So many acccolades and praises have been extolled on R.J. Palacio’s debut Wonder that I really have nothing much to add, but you know me… I have to say something as closure for myself, especially after what was such a satisfying read.
August (Auggie) Pullman was born with a facial deformity that prevented him from going to a mainstream school—until now. He’s about to start 5th grade at Beecher Prep, and if you’ve ever been the new kid then you know how hard that can be. The thing is Auggie’s just an ordinary kid, with an extraordinary face. But can he convince his new classmates that he’s just like them, despite appearances?
I bought the book way back in 2014 after it rode on the crest of a euphoric wave of viral popularity, but I didn’t read it until I learned the movie is around the corner (it will open in sunny Singapore on 14 Dec). I don’t read a lot of teenage fiction, but being a geek who loves to compare the film with the original prose, I dived into the world of Auggie. This is one of those rare books that makes me want to stand on the world’s highest spot and announce to everyone that the next thing they should be doing is to read this.
R. J. Palacio drew inspiration from an actual moment at an ice cream shop and it was one of those moments that forces one to confront oneself. And she started writing the book that very night. She must have been wondering what it takes to face a world that doesn’t know how to face you back.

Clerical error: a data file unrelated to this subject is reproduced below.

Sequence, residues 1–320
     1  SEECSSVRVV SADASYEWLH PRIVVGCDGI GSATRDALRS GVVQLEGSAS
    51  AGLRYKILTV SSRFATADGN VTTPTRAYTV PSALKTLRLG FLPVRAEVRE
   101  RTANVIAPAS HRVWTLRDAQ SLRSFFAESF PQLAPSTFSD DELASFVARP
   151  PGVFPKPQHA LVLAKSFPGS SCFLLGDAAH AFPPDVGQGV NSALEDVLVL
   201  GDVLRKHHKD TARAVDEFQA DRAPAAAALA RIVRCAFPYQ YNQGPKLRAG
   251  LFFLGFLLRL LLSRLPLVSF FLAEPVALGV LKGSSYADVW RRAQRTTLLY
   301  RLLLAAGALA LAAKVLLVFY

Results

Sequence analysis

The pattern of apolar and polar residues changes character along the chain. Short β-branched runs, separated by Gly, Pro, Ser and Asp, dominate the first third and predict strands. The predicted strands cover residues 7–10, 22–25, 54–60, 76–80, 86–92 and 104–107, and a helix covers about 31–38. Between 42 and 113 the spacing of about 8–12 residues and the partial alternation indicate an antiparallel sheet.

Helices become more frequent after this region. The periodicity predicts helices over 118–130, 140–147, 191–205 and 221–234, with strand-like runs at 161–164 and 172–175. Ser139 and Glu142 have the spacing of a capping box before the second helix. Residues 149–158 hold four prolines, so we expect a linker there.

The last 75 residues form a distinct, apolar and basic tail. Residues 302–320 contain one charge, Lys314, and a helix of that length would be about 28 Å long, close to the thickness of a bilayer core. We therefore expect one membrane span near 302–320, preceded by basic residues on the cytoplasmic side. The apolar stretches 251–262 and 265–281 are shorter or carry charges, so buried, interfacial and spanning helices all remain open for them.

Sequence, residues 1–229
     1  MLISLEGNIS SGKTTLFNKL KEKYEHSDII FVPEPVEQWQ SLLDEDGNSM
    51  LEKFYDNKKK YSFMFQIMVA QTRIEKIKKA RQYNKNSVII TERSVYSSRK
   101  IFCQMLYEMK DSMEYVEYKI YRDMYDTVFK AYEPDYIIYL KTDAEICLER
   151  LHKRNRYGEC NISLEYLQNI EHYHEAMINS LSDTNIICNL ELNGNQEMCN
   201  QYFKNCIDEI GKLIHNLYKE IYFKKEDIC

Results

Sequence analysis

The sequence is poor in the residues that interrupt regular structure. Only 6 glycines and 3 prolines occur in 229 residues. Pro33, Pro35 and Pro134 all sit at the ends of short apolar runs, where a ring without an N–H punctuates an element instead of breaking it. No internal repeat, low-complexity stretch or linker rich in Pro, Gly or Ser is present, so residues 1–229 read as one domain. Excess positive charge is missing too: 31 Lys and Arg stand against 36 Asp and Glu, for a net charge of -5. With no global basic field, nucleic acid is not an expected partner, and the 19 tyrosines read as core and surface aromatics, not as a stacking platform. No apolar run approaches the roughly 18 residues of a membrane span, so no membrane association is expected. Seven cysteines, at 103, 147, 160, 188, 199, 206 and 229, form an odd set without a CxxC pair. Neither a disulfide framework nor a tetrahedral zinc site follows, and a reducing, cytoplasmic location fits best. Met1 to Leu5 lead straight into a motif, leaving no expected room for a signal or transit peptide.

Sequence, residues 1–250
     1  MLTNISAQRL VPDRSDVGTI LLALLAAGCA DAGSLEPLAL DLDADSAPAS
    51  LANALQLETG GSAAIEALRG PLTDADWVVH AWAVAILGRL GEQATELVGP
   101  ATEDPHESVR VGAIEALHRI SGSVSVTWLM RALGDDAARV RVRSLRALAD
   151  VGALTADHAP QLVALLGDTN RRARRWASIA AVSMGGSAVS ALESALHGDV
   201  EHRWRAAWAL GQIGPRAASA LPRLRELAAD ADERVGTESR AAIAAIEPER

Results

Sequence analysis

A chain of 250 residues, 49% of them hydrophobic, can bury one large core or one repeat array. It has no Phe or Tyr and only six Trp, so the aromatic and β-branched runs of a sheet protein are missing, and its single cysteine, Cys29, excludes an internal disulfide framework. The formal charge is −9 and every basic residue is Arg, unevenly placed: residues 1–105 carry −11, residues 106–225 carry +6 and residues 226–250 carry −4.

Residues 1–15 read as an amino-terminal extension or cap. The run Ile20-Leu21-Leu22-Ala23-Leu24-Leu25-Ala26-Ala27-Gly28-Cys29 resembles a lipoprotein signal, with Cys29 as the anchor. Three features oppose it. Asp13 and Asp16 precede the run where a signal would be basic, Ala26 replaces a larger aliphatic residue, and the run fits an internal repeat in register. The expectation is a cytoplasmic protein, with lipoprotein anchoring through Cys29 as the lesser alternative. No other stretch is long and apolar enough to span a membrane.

The prose is spare but buoyant, written with a deep sense of clear-eyed intelligence with a wide-eyed hope for a better world. Keenly observed with nary a false moment and brimming with so much humanity. Stories like these tend to be preachy and manipulative, and without a moment too soon the author would start pressing all the buttons. But not Palacio, Wonder seldom seeps into mawkish sentimentalism and each short chapter ends in a moment that is thought-provoking and invites you to do some self-reflection.
The story is divided into six bigger sections, each written from the perspective of a different character; a clever use of a narrative device. I have just read Paula Hawkin’s Into the Water which is practically a 101 manual of how not to use this tool. Palacio, on the other hand, uses it marvellously. Each perspective opens up the world a little bit more and tears new layers from the characters, proving once again that there are always two sides to any story.
The only part that didn’t quite sit down well with me is the last section on Julian’s perspective. I find it a little emotionally manipulative, but then again I was glad for Julian’s redemptive arc.
Wonder is essential reading, not just for teens but even for adults who have been become too jaded by what society has jackhammered into our senses day in day out. Yes, I am talking about you and me.
When given the choice between being right or being kind, choose kind. – Dr. Wayne W. Dyer